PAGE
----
5 Questions An Attorney Will Ask When Drafting A Will

The process of planning a will is a cause of stress for many people, however it does not have to be. If you come prepared to meet with your attorney with some prior knowledge of what they may ask you, the process can go much smoother and more quickly. These are 5 key questions that any estate planning lawyer will ask when drafting a will, all of which are important.

Planning a will can certainly be a nerve wracking and stressful task to accomplish; you’re deciding how to distribute your assets fairly among your loved ones, stress during this stage is absolutely normal. If you decide to hire an attorney to assist you in the matter, it’s important to have a good understanding of what the attorney will require from you. In this article, we’ve outlined the five questions every attorney will ask you when drafting up your will.

What Do You Hope To Achieve With A Will?

Quite simply, a good estate planning attorney should ask you what it is that you want to achieve with your will. Some things they may want to know are how important tax issues are to you, meaning how vital it is to you whether you are to paying high taxes or not. An attorney will also want to know whether or not you have children with special needs, if you plan to pay for your children or grandchildren’s college tuition, etc. Such questions will help lead them in the right direction by better understanding what you need from a will.

What Will My Estate Attorney Ask Me

What Is Your Family Situation?

One very important part of planning a will is considering your family members. The purpose of a will is to make sure that your estate is taken care of according to your wishes once you pass. Most people leave part of or their entire estate to their loved ones. It is essential for your attorney to know if you are married, have kids, have grandchildren, if your parents are alive, and any other relevant information about your familial relationships. This will help your attorney better understand who can be a possible heir or beneficiary, as well as understanding how you may want assets to be divided. At this point in the conversation, your attorney may also inquire about your health condition, which may impact how quickly you need your will drafted. Depending on your specific circumstances, you might need an estate plan rather quickly in comparison to others.

What Assets Do You Own?

After getting a better understanding of your family situation, your attorney can now begin to understand your financial position. The first key step is figuring out what assets you want to pass through the will, as not all of them should. Assets such as life insurance and jointly owned property should pass outside of the will. This is to avoid probate, which is a lengthy and costly process that occurs if such assets are passed through a will. After deciding what assets you want included in your will, your attorney also should figure out if you will owe any estate taxes, which depends on the size of your estate. If they realize that you will owe taxes, they should also help you determine the best way to avoid paying higher rates than necessary.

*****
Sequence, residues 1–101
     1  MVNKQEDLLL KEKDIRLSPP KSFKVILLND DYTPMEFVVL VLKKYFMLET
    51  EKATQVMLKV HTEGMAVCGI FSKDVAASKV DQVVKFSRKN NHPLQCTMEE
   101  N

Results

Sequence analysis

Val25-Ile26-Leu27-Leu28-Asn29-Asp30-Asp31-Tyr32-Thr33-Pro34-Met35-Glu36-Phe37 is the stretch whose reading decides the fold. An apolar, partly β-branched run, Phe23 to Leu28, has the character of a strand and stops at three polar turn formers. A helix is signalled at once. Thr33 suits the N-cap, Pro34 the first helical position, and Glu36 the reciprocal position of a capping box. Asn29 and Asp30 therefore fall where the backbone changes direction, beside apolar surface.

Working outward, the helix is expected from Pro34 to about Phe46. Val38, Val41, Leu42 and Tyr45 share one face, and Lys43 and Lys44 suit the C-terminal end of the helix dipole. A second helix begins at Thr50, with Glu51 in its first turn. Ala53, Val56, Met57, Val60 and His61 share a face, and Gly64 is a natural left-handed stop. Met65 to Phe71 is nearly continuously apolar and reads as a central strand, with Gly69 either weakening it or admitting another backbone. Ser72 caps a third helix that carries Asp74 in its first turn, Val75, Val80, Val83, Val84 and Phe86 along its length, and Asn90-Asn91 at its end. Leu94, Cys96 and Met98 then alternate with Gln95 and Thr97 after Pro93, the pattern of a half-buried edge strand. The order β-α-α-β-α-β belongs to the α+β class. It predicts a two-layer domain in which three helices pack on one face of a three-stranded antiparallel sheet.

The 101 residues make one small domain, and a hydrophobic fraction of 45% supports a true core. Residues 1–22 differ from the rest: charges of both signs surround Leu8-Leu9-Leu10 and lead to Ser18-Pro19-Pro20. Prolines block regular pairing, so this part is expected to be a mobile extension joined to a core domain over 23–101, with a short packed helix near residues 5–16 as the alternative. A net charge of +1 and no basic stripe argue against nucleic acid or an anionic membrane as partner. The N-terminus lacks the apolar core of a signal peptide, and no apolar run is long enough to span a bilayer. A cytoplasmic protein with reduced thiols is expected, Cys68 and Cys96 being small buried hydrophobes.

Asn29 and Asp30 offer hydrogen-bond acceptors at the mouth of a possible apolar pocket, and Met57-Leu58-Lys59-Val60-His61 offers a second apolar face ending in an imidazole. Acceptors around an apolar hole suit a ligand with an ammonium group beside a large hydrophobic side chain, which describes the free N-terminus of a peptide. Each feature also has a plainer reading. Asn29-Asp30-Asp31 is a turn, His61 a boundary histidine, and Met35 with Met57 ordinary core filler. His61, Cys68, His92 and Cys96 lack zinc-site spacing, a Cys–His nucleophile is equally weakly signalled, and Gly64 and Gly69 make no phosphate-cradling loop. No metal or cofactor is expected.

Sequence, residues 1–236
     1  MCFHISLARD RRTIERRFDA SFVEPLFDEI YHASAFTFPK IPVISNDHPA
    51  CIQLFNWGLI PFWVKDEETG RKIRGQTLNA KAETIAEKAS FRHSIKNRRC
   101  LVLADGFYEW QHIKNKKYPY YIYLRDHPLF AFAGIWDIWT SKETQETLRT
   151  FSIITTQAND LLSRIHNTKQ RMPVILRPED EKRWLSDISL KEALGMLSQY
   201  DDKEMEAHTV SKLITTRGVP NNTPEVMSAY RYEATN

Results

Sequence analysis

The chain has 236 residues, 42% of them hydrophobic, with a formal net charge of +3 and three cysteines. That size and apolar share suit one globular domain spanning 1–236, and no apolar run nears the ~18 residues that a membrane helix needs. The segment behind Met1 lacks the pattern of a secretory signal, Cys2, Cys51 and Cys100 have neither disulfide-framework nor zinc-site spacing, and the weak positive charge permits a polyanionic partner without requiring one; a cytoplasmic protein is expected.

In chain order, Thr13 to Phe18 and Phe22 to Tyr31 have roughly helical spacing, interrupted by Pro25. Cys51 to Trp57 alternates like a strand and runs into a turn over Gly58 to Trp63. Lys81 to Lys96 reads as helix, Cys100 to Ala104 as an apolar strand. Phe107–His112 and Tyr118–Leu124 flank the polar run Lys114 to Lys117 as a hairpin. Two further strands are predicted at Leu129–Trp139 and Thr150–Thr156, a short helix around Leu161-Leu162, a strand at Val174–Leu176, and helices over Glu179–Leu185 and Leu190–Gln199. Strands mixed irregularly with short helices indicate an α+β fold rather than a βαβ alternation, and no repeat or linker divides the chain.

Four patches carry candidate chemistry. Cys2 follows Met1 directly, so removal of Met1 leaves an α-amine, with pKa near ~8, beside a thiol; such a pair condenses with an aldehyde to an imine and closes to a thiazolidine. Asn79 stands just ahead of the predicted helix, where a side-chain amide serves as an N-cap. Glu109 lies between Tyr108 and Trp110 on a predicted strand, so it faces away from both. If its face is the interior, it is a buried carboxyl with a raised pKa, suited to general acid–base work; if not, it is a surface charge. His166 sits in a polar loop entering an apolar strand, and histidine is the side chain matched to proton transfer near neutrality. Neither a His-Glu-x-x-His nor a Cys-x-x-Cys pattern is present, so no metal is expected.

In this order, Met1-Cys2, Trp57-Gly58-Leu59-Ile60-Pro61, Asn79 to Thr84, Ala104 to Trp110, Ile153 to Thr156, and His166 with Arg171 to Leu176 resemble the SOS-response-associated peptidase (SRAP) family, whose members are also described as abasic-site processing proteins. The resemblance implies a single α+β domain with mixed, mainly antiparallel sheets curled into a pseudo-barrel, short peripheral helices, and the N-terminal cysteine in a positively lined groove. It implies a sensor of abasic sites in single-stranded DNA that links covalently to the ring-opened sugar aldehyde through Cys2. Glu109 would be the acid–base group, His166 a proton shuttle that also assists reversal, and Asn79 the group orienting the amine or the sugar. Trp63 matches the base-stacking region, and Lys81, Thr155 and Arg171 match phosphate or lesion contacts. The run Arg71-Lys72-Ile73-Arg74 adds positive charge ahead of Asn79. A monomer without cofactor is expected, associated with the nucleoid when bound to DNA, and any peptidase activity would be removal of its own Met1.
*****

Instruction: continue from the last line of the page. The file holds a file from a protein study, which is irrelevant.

Where Do You Want Your Assets To Be Distributed?

Once you’ve decided what assets you have that are going to pass through a will, you need to decide who will inherit your estate. Your attorney should ask what you want to happen to your assets after you pass. In the case that you decide that you want a minor to be in charge of your estate, your attorney should go over minor trusts as an option. This is a type of trust that leaves assets to a minor, however they are kept with a trustee until the minor reaches a certain age, which is usually when they turn 18 years old.

Who Will Be Responsible For Your Estate?

Another important question that your attorney will ask you relates to who you’d like your fiduciaries to be. A fiduciary will take on a role that will be responsible for various parts of ones estate. This role can be an executor, which is someone who will have control of a will. It can also be a trustee, which is someone who is responsible for each trust. It can be a guardian or someone who will have power of attorney, which means they can make medical decisions on your behalf if you are incapable of doing so. These are all vital roles that need to be filled and should be chosen carefully. A good attorney should help you decide whether you want your assets to be given to a person, a bank, various trust companies, or even a charity. If it is decided that you want to pass your estate to a person, often times a family member, the age of that person should be considered, since the law applies differently to minors. The court will get involved in the process of distributing assets to a minor, which may take months to resolve. This is avoidable if there is a minor trust in place, as mentioned above. It is also recommended to speak with an intended executor before putting them in charge of your will to make sure that they are able to take on this responsibility.

There are many details that need to be discussed when planning an estate, and a good attorney will make sure to cover all bases. To get started on drafting your will and other important documents, contact a licensed estate attorney so they can make sure that your estate plan follows state laws and accurately reflects your wishes.